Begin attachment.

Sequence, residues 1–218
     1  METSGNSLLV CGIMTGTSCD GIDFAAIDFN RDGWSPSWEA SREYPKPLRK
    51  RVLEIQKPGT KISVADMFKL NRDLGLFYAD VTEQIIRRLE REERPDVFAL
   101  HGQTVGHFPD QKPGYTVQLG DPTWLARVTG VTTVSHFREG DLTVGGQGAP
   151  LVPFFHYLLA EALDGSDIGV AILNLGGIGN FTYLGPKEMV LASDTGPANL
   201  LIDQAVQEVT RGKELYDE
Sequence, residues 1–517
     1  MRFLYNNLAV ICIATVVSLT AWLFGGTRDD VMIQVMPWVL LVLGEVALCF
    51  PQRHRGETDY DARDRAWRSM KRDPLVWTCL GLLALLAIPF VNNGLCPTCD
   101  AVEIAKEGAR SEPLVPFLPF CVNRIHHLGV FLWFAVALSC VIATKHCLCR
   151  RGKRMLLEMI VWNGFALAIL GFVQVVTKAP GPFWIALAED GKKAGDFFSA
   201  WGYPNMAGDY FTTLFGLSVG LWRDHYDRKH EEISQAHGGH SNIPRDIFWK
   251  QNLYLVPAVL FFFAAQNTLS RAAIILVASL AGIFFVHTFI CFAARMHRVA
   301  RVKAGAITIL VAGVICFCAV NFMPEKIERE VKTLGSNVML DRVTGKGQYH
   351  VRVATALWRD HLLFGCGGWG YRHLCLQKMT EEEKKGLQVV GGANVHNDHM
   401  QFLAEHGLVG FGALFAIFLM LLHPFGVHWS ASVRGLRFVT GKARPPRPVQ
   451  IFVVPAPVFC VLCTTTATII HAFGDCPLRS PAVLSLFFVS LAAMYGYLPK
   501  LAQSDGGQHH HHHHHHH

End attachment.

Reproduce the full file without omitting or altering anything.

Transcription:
Sequence, residues 1–218
     1  METSGNSLLV CGIMTGTSCD GIDFAAIDFN RDGWSPSWEA SREYPKPLRK
    51  RVLEIQKPGT KISVADMFKL NRDLGLFYAD VTEQIIRRLE REERPDVFAL
   101  HGQTVGHFPD QKPGYTVQLG DPTWLARVTG VTTVSHFREG DLTVGGQGAP
   151  LVPFFHYLLA EALDGSDIGV AILNLGGIGN FTYLGPKEMV LASDTGPANL
   201  LIDQAVQEVT RGKELYDE
Sequence, residues 1–517
     1  MRFLYNNLAV ICIATVVSLT AWLFGGTRDD VMIQVMPWVL LVLGEVALCF
    51  PQRHRGETDY DARDRAWRSM KRDPLVWTCL GLLALLAIPF VNNGLCPTCD
   101  AVEIAKEGAR SEPLVPFLPF CVNRIHHLGV FLWFAVALSC VIATKHCLCR
   151  RGKRMLLEMI VWNGFALAIL GFVQVVTKAP GPFWIALAED GKKAGDFFSA
   201  WGYPNMAGDY FTTLFGLSVG LWRDHYDRKH EEISQAHGGH SNIPRDIFWK
   251  QNLYLVPAVL FFFAAQNTLS RAAIILVASL AGIFFVHTFI CFAARMHRVA
   301  RVKAGAITIL VAGVICFCAV NFMPEKIERE VKTLGSNVML DRVTGKGQYH
   351  VRVATALWRD HLLFGCGGWG YRHLCLQKMT EEEKKGLQVV GGANVHNDHM
   401  QFLAEHGLVG FGALFAIFLM LLHPFGVHWS ASVRGLRFVT GKARPPRPVQ
   451  IFVVPAPVFC VLCTTTATII HAFGDCPLRS PAVLSLFFVS LAAMYGYLPK
   501  LAQSDGGQHH HHHHHHH